It is clear by looking at the table above that the 350D and the 20D perform nearly the same when it comes to cycle times and writing JPEG images. The 350D is able to write a single 5.66 MB JPEG file in just 0.72 sec. When shooting without the flash, the camera takes just 0.36 sec. between frames. With the flash enabled, the 350D takes 1.17 seconds between frames. In Continuous Drive mode, we were able to shoot 8 frames at 3.33 fps. Occasionally, the camera was able to take 10 frames instead of 8. The number of frames that you can achieve will depend largely on the speed of your media and the detail in your image (file size). We used a 512 MB Ultra II SanDisk CF card that is able to write images at 60x (9 MB per second). With a faster card, you should be able to fit more frames in a burst because of the higher write speed. After we filled the buffer with 8 frames, the camera needed nearly a second (0.99 sec.) between frames. In order to clear the buffer of all 8 frames, the camera took 5.78 seconds.

When we shot images with the 350D in RAW mode, the results were very impressive as well. It takes just 1.34 sec. to write a single 9.22 MB RAW file. We found the same 0.36 sec. shot-to-shot time in RAW mode. With the flash enabled, the camera took 1.62 sec. between frames. When we set the camera to Continuous Drive mode, it took 5 frames at 3.42 fps. Again, the number of frames that you can take in one burst will depend on file size and the speed of your flash media. With the buffer full, the 350D took 1.47 seconds between additional frames. The 350D took 6.44 seconds to flush the full buffer out to the flash card. Unfortunately, we don't have comparison numbers for the 20D in RAW mode because in our 20D review, we had the 20D set to RAW +Small/Normal JPEG and the 350D doesn't have this option.

Overall, the 350D is incredibly fast at processing images. This is thanks to the DIGIC II image processor (same as the 20D). Unfortunately, we couldn't get our hands on the original Rebel to make a direct comparison and our testing methods have changed a bit since our original review of the 300D. For a good idea of how the 350D would compare to the 300D, take a look at our 20D VS 10D timing table. The 10D has the same image processor as the 300D and therefore, has a very similar performance.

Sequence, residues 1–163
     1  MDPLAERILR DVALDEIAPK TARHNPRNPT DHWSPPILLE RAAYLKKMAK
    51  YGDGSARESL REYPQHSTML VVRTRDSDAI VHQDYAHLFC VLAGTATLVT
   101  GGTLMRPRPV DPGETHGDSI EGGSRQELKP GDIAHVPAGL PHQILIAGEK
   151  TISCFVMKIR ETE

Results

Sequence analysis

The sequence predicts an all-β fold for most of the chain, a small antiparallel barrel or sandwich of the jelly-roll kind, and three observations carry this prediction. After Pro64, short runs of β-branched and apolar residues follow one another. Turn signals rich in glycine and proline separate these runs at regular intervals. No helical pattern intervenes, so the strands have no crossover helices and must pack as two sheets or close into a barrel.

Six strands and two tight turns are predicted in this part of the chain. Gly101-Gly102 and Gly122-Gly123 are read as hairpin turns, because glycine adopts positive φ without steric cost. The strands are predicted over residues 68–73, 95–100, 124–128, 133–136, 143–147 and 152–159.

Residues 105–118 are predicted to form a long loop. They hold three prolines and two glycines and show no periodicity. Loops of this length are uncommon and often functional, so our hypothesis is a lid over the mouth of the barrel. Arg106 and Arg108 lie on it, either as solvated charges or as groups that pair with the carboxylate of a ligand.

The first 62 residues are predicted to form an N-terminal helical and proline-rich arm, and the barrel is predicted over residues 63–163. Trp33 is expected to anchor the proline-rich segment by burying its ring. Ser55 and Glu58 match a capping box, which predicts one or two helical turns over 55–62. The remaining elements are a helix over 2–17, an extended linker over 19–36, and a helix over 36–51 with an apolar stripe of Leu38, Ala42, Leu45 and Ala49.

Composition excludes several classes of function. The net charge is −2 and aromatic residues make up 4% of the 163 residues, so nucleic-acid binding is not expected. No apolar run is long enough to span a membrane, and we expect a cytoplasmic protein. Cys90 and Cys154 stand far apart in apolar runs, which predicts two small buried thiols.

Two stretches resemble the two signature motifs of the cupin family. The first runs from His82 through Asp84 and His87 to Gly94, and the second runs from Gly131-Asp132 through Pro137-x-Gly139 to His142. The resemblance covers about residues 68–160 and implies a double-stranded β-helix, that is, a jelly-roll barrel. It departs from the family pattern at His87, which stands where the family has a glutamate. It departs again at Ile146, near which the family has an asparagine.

Battery Performance Resolving Fine Lines


View All Comments

  • roibm - Tuesday, May 03, 2005 - link

    Aren't you guys ashamed of your javascript skills?
    The "on mouse over" behavior for ISO?00 works only in IE. Great... get your paycheck from m$ or what?
  • stephencaston - Tuesday, May 03, 2005 - link

    Thanks for all the kind comments! The D70 is certainly a great contender, but it can't beat the price of the Rebel XT. Reply
  • ksherman - Tuesday, May 03, 2005 - link

    you know, everytime you do a camera review, I end up using at least one of the pictures on my computer... your stop sign from the first guide to taking photos if my picture on my xanga site, and now the nihgt time picture of the building in long exposure has just replaced my desktop!

    seriosly, you take some really neat pictures! Keep up the good work!
  • DVad3r - Tuesday, May 03, 2005 - link

    I just bought a Rebel XT a few days ago, but can't use it cause I'm waiting for my CF card lol. Anyways nice review, I am glad I got the camera, can't wait to take some pictures!!! Reply
  • NFS4 - Tuesday, May 03, 2005 - link

    You'll have to pry my D70 away from my cold dead hands. Reply
  • apriest - Tuesday, May 03, 2005 - link

    I'm a Nikon D70 fan myself (I own one). I'll admit, Canon has made a great camera for the price here. If you already own Canon glass, it's a great entry level pro-sumer digital camera, or a great backup camera. If you don't already have an investment of lenses however, I think the Nikon D50, D70, or D70S is a better bargain. The D70 is a difficult camera to beat without spending a LOT of dough. Very good review of the 350D though, thanks. Reply
  • salimpepo - Wednesday, January 02, 2013 - link

    this review is nice but was repeated ? Reply